Local passenger bus services have been springing up on Gulf Islands in recent years, with new ones in the works. Salt Spring, Gabriola, and tiny Mayne Island all have had success with their buses, with Pender and Galiano Islands now planning pilot projects for limited service.
Gabriola spent 6 years getting theirs off the ground. In 2013, after building support for the idea in the form of a petition signed by hundreds of Gabriolans, figuring out all the details around funding, the choice of vehicle, and insurance coverage for volunteer drivers, they were almost ready to launch. In July of that year they held a “name the bus” vote (GERTIE was the winner), fitted each bus with bike racks, and rolled out both buses on a limited route.
Since then, with their 3-year pilot project complete, Gabriola buses have carried over 43,000 passengers on regular runs from June 2013 to July 2, 2016, and is considered a huge success.
Mayne Island, with a population of about 1000 residents, began their 2-year pilot a month around the same time in the summer of 2013. Using volunteer drivers, the Mayne Island Bus Society established an operating cost of about $8000 annually, funded using donations and fares. The buses operate during specific days and times of the week according to high or low season.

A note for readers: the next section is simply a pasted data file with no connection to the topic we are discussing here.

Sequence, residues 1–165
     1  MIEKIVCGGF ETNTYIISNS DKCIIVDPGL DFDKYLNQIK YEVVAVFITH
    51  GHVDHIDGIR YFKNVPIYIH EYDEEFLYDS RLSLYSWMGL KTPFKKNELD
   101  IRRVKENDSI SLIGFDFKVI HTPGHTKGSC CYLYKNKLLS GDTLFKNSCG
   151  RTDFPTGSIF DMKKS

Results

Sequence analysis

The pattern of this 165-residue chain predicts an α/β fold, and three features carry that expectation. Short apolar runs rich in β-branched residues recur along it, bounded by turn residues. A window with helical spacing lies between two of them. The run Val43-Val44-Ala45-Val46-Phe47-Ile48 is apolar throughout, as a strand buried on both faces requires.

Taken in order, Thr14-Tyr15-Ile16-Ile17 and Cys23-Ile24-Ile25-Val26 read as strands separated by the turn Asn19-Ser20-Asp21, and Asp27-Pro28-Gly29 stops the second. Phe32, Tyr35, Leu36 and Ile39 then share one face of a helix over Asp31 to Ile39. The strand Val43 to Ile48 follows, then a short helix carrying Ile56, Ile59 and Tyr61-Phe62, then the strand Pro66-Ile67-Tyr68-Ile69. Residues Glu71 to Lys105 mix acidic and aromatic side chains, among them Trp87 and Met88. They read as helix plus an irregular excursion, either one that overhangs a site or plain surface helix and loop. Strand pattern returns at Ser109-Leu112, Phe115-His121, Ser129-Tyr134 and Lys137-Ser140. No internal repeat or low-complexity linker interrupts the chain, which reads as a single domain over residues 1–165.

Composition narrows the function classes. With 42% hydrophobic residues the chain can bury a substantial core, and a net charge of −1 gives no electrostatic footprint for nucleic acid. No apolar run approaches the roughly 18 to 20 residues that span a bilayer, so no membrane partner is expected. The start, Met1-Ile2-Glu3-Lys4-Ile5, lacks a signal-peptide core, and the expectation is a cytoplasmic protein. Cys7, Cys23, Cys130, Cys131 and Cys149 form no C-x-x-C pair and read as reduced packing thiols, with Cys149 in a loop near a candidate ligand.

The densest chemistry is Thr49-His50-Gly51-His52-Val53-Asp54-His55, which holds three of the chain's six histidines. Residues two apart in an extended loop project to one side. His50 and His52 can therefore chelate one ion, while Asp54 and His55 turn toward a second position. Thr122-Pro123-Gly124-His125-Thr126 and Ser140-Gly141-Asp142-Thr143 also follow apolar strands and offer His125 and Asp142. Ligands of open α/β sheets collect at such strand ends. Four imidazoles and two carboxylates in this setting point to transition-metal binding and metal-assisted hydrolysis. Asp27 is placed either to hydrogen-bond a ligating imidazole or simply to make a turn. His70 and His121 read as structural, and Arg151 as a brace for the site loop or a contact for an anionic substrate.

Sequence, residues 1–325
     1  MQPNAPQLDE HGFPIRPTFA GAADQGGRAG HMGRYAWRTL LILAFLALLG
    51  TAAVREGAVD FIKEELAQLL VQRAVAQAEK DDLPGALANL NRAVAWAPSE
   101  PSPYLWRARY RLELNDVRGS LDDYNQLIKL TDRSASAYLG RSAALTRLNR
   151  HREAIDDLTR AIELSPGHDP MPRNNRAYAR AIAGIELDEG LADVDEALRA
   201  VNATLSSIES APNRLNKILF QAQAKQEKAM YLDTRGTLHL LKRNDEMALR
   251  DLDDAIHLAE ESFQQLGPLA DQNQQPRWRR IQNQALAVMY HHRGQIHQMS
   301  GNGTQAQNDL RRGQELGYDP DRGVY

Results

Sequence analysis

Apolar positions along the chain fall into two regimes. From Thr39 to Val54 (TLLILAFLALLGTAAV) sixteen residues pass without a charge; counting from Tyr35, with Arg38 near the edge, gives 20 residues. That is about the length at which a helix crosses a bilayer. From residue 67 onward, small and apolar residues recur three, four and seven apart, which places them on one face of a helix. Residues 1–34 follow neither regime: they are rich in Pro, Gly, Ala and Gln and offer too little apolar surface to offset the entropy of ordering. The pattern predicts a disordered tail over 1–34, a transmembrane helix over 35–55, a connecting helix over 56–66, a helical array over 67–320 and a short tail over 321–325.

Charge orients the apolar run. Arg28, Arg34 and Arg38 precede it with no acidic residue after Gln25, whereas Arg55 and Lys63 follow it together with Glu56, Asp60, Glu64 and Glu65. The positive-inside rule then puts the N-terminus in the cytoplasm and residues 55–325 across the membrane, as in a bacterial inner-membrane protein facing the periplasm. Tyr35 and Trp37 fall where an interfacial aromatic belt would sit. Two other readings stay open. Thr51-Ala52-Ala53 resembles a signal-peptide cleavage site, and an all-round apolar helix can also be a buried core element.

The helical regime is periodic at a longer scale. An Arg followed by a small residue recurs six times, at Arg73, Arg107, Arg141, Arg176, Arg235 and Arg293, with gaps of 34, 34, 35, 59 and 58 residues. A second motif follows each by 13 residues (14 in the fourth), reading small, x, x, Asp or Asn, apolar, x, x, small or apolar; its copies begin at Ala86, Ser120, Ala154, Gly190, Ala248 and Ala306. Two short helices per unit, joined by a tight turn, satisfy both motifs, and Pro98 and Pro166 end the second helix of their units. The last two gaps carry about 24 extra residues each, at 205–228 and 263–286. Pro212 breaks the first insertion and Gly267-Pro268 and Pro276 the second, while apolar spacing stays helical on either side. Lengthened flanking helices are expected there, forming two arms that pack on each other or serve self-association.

To read more about the Gabriola Community Bus Foundation's journey to get bus service, click here www.gabriolacommunitybus.com/donate/
Read more about the Mayne Island Bus Society here http://www.sustainableislands.ca/single-post/2015/09/11/Mayne-Island-Bus-Society
Looking forward to seeing you all at the Cortes Transportation Study's Open House, Wednesday, November 2, at the Gorge Hall between 6 and 8 pm!
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